With Halloween just around the corner, the creatives behind HBO Max’s Velma brought the spooky to New York Comic Con. The Beat recently had the opportunity to take part in a press conference featuring Velma voice actress/executive producer Mindy Kaling and Charlie Grandy, who serves as one of the show’s showrunner/executive producer. Here, the two unmasked the show’s more adult take on the Scooby-Doo universe.

The outlet Nerds&Beyond first asked Kaling about how, throughout her work, she’s brought South Asian culture to her various roles over the years, and how she was going to bring that to her role as Velma, beyond the character’s physicality. In response, Kaling mentioned how she loves the opportunity to have representation of modern Indian American teens, saying that it’s also something that’s a part of some of her other projects. “I knew that I was going to do the voice, and it’s animation – the possibilities animation are so big. It’s like, ‘Well, why not make the character Indian, you know?’ We’ve been so inspired by Into the Spider-Verse and seeing these other characters that can embody the spirit of these iconic franchises. [We were] like, ‘Well, why don’t we try that?’ We love Scooby-Doo so much, and we’re going to honor it,”

When asked if Velma was ever considered to be more child-friendly Grandy told press the creatives always wanted to do the show as adult-oriented. “I loved Scooby-Doo as a kid,” he said. “But it also scared me. I was scared very easily. [With Velma,] I was interested taking the comedy and the humor of the original and sort of adapting it for older [auidences]. Trying to make it [have] harder jokes, and scarier, as well.” Kaling added, “We thought this was a really interesting, fun, way to make a different choice [that was] worth doing because it hadn’t been done before.”

With this nature of Velma, the creatives are aiming to make a series that’s a lot more spooky than Scooby-Doo. However, scares won’t be the show’s only focus. Kaling mentioned it will also tackle what teens go through in modern high school life. “I come from that tradition with some of my other shows and that was really interesting to me. Like what do girls deal with? [The show] deals with popularity, being an outsider – the cast comes from very different socioeconomic backgrounds so what does that look like now? And that’s something that we can kind of only tackle in an adult show [and somthing that] seemed interesting and rich.”

Speaking to the more intense type of the crimes Velma will be confronting in her show, Grandy said it steamed from a question he had about the original Scooby-Doo series. “Every week in the original [the Scooby-Doo characters] are chased by, seemingly monsters but criminals. It feels like their life is in danger every single week, and yet they keep doing it, and it’s seemingly for free,” he said prompting laughter from the room. “What did they go through in high school that was so bad? That push them to want to do that? So, we really kind of amped up the suspense and fear level of the crimes that are investigated.”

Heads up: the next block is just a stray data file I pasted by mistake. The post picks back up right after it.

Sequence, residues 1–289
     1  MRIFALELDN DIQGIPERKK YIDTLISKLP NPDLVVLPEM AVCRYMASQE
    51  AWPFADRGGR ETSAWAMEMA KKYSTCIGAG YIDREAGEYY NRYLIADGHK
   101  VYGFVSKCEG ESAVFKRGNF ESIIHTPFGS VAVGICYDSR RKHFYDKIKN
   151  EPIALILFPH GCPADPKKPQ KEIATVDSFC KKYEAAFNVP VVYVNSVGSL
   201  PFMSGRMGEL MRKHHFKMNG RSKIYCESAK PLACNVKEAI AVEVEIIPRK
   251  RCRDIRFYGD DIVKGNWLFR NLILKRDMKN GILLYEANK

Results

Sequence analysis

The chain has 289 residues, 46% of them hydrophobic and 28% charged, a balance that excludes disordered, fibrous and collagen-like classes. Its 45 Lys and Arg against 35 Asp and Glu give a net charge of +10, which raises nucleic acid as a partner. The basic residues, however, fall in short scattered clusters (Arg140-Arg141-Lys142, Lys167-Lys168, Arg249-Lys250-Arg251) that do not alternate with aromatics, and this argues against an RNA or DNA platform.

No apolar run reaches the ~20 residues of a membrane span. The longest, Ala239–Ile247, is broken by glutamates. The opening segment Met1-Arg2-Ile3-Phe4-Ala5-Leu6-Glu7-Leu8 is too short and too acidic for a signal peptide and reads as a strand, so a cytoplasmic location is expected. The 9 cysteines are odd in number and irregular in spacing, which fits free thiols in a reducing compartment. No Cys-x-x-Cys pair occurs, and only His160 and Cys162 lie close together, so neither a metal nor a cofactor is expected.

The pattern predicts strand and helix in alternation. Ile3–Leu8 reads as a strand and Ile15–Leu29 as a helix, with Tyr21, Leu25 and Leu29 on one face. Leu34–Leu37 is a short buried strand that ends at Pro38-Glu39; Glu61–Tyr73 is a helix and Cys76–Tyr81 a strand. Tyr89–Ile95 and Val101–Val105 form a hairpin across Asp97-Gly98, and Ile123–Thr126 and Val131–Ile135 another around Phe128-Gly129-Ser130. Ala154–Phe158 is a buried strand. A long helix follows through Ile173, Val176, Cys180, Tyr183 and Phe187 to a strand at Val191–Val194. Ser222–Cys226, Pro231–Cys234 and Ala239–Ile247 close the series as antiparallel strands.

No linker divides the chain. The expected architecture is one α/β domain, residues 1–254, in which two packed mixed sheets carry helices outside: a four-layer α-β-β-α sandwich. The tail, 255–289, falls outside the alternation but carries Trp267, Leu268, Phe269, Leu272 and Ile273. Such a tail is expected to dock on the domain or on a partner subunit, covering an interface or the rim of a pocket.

With Velma acting as a prequel piece, Grandy later commented that exploring how Velma becomes the person she is in the Scooby-Doo series was an appealing aspect of the project. In a panel later that day it was revealed that the series won’t just be featuring the origins of just its central character. It will also include Fred (Glenn Howerton), Daphne (Constance Wu), and Shaggy (Sam Richardson) as well.

“I mean the fun of the show is taking the iconic pieces – either the sayings, the sweater, or whatnot, and trying to give origins to all of those [things that are the iconic] pieces of Scooby-Doo and imbue them with meaning. Why does Velma say ‘Jinkies?’ That’s a big thing that we wanted to lean into, and we do the same with all the characters.”

In a recent Scooby-Doo movie, Trick or Treat Scooby-Doo!, it was confirmed that Velma is gay, with the character having a female love interest. When asked by The Beat’s own reporter Taimur Dar if Velma’s romantic plotlines will feature other LGBTQ+ characters Kaling and Grandy teased as much as they could without spoiling the series. 

“Self-discovery is a really big part of this series, and one of the biggest appeals to Charlie and I about doing this is when we started working on the show and Charlie started writing the first script,” said Kaling. “We don’t want to ignore it. She’s an icon for young gay women and I think that’s really interesting to us her figuring it out is a big part of the show and why it’s really fun to do.”

You can watch Velma when it premieres on HBO Max sometime in 2023!

Check out more of The Beat’s NYCC ’22 coverage by clicking here!